Boca Raton’s Seniors Helping Seniors a lifeline during COVID-19 pandemic
At the beginning of the COVID-19 pandemic in the United States, the country faced what The Atlantic called a “baffling problem”. A nation-wide mask shortage. China had stopped shipping masks to the United States due to its own Coronavirus outbreak, and America’s stockpile was almost out. Healthcare workers were forced to reuse masks and people across the country were trying to come up with alternatives to store-bought medical-grade face masks.
The gravity of the situation and the undeniable impact it could have on the elderly population was not lost on Ed Dunkel and Paul Kaiser, owners and caregivers of the local branch of Seniors Helping Seniors, which took action early on in order to ensure the safety of both employees and clients.
“I went to all the local sources, drug stores, etc., to see if I could buy some masks and they were already sold out and at that point I thought…this is going to be a problem,” said Kaiser. Fortunately, a company called Satin Avenue Alterations operates out of the same complex that Kaiser and Dunkel have their office and after providing the owner with a mask, Kaiser inquired if she could produce them for Seniors Helping Seniors.
Not only was she able to make masks for the senior care providers, but because of the high demand for the product at the time the business she received from Dunkel and Kaiser “led other businesses to her also,” such as a local medical association and flight attendants, Kaiser says.
Originating from Pennsylvania and first beginning their work in 1998, Seniors Helping Seniors has since expanded around the country and internationally, with Ed Dunkel and Paul Kaiser opening the local branch May 12th of 2014. “We have…Boca Raton as a territory and we go down into Broward County…as far as Fort Lauderdale Airport, [our territory] is quite large, it goes from the ocean all the way to the Everglades,” Kaiser explains.
The organization Seniors Helping Seniors is primarily based around two ideas. Seniors can help each other age more happily and gracefully, and that seniors who give, and those who receive, benefit equally.
“The people that we have primarily do the work are younger seniors…people in their sixties and early seventies, and they are primarily helping seniors in their eighties and nineties,” explained Kaiser. “We find that since they have a closer age…there is a bit more compatibility,” as opposed to having a helper who is in their twenties or thirties.
And as the founding principle states, the relationship can benefit both parties. Finding a job can be difficult for an individual in their sixties or seventies and “this is a job with some dignity that they can do,” Kaiser says, and then points out that many of the employees may need the help they are currently providing in the future.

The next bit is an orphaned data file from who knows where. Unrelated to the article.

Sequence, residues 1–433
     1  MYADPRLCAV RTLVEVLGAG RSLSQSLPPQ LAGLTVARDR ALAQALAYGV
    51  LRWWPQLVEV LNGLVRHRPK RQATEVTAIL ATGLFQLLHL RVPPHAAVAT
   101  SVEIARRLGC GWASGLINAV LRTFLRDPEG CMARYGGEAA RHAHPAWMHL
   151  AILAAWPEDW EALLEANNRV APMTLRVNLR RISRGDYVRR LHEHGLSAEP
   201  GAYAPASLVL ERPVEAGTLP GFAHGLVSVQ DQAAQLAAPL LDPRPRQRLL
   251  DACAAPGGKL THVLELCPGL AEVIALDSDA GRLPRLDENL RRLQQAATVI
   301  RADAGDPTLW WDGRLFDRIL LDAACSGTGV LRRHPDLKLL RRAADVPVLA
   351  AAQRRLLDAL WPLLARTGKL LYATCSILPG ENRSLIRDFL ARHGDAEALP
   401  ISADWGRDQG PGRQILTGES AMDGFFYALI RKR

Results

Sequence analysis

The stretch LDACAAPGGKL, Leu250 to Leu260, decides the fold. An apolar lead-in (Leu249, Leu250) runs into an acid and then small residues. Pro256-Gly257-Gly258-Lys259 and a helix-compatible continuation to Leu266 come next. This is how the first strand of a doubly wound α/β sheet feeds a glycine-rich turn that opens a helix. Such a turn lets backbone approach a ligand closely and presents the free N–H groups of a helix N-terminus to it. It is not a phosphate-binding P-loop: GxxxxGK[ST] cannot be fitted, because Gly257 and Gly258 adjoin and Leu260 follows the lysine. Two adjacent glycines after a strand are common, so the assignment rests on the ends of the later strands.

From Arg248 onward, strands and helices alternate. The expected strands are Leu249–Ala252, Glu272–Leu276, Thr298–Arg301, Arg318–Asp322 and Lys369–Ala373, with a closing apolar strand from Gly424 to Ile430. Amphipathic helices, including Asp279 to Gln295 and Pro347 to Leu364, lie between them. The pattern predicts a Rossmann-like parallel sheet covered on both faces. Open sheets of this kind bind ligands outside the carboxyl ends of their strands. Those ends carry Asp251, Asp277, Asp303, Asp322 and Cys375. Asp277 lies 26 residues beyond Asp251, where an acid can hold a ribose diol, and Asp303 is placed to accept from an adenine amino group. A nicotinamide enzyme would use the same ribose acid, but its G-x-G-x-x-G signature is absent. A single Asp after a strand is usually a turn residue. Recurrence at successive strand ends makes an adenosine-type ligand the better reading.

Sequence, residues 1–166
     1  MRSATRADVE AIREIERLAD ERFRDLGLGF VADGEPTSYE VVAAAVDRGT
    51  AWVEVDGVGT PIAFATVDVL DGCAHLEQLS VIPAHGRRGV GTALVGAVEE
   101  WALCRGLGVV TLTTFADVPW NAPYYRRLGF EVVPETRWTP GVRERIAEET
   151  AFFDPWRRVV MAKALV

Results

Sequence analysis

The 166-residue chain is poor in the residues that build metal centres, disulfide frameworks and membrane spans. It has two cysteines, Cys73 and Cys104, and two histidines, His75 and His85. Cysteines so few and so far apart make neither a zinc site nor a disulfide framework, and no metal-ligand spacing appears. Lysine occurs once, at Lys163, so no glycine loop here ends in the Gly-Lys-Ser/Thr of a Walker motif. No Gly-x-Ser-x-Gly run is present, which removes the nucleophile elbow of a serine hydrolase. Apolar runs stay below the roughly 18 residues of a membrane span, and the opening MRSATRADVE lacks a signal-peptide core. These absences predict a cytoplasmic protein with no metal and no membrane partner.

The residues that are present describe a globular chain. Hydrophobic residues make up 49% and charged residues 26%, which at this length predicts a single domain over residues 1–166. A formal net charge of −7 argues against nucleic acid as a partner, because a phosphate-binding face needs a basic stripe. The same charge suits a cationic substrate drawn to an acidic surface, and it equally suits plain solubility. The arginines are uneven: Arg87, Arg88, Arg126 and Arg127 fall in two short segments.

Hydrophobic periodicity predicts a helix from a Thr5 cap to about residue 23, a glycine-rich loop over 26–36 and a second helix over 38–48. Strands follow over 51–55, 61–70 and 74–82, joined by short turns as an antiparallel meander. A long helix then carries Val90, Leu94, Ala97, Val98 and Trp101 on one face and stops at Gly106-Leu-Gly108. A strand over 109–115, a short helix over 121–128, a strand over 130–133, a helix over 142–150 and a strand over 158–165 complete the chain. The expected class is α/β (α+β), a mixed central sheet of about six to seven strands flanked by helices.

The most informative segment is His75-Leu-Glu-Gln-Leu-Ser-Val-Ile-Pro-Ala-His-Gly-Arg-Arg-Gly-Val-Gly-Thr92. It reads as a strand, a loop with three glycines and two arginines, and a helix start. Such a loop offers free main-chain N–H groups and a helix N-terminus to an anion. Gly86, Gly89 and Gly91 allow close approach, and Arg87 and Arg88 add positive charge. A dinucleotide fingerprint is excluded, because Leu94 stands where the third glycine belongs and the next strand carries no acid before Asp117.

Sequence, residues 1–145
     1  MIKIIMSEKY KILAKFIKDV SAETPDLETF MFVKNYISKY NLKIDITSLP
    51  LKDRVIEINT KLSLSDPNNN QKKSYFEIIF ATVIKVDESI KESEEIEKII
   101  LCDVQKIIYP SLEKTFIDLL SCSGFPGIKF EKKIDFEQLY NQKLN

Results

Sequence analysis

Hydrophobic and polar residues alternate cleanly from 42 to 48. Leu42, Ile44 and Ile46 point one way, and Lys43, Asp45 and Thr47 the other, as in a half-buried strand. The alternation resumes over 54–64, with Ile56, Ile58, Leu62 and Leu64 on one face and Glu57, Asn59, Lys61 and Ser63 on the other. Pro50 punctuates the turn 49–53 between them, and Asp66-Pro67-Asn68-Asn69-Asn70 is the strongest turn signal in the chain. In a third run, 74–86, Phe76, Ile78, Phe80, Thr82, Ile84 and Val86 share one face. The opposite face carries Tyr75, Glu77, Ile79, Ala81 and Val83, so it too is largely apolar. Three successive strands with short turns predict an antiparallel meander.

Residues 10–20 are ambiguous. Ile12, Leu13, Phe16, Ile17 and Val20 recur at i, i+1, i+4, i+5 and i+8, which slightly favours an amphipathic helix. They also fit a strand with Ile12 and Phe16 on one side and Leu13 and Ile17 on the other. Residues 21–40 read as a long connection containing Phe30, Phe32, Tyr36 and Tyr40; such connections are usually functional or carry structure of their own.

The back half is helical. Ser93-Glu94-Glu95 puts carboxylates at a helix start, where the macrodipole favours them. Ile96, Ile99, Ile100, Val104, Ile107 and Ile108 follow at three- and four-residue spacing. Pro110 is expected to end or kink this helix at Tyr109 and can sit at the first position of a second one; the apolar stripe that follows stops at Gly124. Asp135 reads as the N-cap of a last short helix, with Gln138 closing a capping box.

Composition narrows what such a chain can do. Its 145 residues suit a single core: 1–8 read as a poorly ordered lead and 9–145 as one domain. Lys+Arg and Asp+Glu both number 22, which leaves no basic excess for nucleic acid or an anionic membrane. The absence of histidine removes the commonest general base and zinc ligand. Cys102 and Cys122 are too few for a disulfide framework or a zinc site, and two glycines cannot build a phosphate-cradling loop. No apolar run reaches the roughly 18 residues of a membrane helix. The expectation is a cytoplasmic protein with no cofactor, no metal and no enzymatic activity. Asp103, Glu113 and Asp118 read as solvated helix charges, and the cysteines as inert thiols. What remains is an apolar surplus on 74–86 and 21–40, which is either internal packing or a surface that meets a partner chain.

The organization offers various services depending on the needs of the client, but when asked what the most common way they help is, Kaiser responds that it is providing companionship. The bulk of their clientele live alone and Seniors Helping Seniors “[provides] a friendship, a companionship, we go over, we check on them,” Kaiser says, “We become almost a family member as time goes on.” This includes helping in other capacities as well, such as light housekeeping, meal preparation, transportation, attending doctors’ appointments, and grocery shopping. The services they provide allow the client to continue living independently at home.
Many of the Senior Helping Seniors employees have one of two things in common. Either they were “people who have previously been in jobs which require…helping other people,” such as nurses or schoolteachers, or they have personal experience caring for an important elderly person in their life, such as a parent. The latter is what led Kaiser and Dunkel to Seniors Helping Seniors.
“Ed and I decided on this franchise because it was something that both of us could use our personal experience of caring for our parents for…we were able to identify with it…the concept appealed to us,” Kaiser explains.
Although they own the organization, they also find time to act as caregivers, and the program has doubled in size since they started.
It has grown “like a living organism” Kaiser says, “it grows bigger, and it contracts, and then it will grow bigger,” and the COVID-19 pandemic creates another important shift in their program.
According to Kaiser, while they provide the same services that they did before the pandemic, the number of clients and the length of time they provide those services has changed.
“The people that remained with us [after COVID-19 hit], we were…a lifeline for them, and we have become even more engrossed in helping, more dedicated, and we place more people for a longer time [with clients] to make sure they are able to get through the COVID-19 problems which arise,” says Dunkel.
And even after the pandemic eventually comes to an end, there will be a lasting impact on senior care in the United States.
Kaiser predicts that, “People are going to be a little more wary about going into senior living facilities, and they are going to want to stay living at home as long as possible,” and that is the primary mission of Seniors Helping Seniors. “We are affording the individual who is receiving service the ability to live for a longer period of time in their home, and that is invaluable, that is what aging is all about.”